Published at Tuesday, April 10th 2018. by Kasumi Yuki in Fishing Reels.
Proper Lubrication. Proper reel maintenance includes lubricating all moving parts such as bearings spool spindles and gears. You should lubricate lightly however and do not use heavy oil or grease. These can gum up or leave a residue that can inhibit movement of the bearings and other close-tolerance parts. Fine light lubricants such as Rem Oil or Blakemore′s Reel Magic Lubricant are excellent choices. Despite advice you may get to the contrary do not use WD-40 or Vaseline to lubricate any of your reel parts. These work well for many applications but they′re not good for reels. Most manufacturers recommend that you re-lubricate your reel on at least a monthly basis – more often with heavy use. At the very least lubricate everything once during each season you′ll be fishing.
Before rinsing tighten down the drags especially on spinning reels. This will help keep water from seeping inside. Hold spinning reels upside down with the drag toward the ground when rinsing giving water even less of an opportunity to get inside the reel.
Start each trip with a thorough cleaning. Gently rinse each reel to remove salt particles. Don′t loosen the drags yet and don′t use a lot of water pressure either to prevent forcing salt and dirt into internal components. If possible wash reels with warm soapy fresh water to remove salt body oils blood and dirt. Remove the skirted spool (and drag knob if necessary) and clean the underside of the spool and the spindle area. Next rinse the entire reel again with a gentle spray and let them air dry or pat with a towel or chamois. Next loosen the drag knob to remove pressure so the washers don′t become compressed and warped.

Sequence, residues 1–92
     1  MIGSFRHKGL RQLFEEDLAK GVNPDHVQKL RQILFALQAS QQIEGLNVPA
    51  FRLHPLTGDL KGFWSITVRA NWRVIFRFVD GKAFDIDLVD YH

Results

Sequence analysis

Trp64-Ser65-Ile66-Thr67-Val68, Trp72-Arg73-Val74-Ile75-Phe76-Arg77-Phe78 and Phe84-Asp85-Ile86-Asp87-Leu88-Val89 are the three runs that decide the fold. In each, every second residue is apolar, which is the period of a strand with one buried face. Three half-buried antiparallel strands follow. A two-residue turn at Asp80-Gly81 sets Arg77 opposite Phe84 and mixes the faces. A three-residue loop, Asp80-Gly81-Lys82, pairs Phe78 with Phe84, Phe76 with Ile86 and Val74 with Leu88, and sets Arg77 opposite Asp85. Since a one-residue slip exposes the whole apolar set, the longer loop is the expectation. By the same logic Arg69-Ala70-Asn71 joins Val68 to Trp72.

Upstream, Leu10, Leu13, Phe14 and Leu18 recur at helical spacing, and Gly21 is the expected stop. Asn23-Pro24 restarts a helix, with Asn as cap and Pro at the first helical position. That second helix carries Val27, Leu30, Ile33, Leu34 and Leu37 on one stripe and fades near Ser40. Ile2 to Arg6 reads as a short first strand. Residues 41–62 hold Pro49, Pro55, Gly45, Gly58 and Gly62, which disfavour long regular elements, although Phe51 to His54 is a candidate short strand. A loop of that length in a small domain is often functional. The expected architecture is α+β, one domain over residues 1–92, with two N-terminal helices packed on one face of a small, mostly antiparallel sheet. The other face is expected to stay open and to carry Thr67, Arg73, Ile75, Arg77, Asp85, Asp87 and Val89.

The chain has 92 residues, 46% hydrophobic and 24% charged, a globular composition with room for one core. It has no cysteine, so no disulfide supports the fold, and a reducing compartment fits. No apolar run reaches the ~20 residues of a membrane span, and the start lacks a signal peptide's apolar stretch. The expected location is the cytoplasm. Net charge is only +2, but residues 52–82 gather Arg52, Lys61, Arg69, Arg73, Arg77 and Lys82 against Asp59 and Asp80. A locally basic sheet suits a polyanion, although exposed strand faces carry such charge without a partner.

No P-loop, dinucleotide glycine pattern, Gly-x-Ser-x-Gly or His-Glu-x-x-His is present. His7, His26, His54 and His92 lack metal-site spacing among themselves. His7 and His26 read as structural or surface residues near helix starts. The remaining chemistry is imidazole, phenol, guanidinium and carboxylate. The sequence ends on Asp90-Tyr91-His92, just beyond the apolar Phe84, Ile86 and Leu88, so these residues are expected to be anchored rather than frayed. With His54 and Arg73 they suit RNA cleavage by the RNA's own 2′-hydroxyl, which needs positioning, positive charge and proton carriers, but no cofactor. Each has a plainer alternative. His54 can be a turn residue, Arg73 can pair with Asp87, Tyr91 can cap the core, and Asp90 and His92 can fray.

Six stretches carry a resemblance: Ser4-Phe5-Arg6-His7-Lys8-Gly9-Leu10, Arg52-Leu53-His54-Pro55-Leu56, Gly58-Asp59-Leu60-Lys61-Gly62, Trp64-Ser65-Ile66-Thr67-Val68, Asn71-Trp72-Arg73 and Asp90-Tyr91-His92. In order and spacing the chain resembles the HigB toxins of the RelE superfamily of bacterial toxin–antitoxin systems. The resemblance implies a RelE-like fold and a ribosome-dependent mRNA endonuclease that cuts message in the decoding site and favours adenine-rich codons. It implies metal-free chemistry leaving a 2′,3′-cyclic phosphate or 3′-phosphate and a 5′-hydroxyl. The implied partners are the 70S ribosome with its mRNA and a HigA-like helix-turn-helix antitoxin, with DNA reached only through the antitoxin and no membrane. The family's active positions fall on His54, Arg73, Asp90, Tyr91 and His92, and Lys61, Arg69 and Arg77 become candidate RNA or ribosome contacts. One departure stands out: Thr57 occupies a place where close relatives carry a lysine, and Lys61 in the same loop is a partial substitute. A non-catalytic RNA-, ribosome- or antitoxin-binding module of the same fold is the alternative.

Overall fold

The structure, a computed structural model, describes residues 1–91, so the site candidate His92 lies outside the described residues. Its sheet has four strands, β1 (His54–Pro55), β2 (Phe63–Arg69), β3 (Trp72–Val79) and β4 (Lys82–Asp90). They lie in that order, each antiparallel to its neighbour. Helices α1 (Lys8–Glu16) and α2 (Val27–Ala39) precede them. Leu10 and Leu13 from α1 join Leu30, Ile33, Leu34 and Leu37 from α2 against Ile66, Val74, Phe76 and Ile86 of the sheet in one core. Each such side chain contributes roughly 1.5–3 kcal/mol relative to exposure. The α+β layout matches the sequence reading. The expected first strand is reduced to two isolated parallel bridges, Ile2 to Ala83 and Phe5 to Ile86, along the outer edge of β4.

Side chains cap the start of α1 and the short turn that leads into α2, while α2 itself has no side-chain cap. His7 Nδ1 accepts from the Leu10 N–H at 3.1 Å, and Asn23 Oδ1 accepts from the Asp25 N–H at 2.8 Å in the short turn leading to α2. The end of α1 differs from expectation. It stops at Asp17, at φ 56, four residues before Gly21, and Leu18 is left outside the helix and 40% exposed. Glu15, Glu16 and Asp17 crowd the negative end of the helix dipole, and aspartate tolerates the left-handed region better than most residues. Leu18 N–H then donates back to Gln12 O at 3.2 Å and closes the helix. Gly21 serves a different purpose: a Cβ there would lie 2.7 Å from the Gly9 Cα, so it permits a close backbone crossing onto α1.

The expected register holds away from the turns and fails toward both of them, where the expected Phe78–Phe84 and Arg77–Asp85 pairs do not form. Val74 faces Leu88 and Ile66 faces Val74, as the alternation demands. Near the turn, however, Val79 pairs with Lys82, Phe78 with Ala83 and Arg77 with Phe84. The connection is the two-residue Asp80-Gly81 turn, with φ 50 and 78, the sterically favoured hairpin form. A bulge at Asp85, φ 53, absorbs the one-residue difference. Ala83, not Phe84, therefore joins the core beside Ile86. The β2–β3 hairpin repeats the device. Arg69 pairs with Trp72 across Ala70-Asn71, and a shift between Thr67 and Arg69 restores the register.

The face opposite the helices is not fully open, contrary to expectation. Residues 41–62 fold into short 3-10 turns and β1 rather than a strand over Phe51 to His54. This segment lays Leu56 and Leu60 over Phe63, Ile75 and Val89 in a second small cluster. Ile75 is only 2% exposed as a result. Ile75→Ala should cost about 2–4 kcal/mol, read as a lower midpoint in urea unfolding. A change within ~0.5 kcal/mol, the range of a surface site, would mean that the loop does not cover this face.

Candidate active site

Fill Your Reel Just Right. When using a baitcasting reel filling the spool to 90 percent capacity is recommended. This optimizes casting performance. Too much line is likely to increase the chance of backlash while not enough limits casting distance. For spinning reels a good rule of thumb is to fill the spool until there′s at least 1/8 inch of room from the line to the edge of the spool lip. That will let you use the most line capacity without causing line to spring off the spool and form tangles. The 1/8-inch rule applies to spincast reels too but you′ll have to remove the reel′s front cover so you can check the amount of line on the spool.
Spinning Reels: These devices are great for beginners or novice anglers. They are simple to use and mount on the underside of a spinning rod. The handle of a spinning reel is usually located on the left-hand side instead of the right. Spinning reels can handle smaller lures and baits They commonly offer an anti-reverse mechanism a simple design you can set by letting go of the bail arm after casting. This keeps your line from spooling off when you get a bite You may prefer a skirted spool in saltwater environments. These increase line capacity allowing longer casts and reducing tangles. They also protect the inside mechanisms of the spool from salt and moisture.
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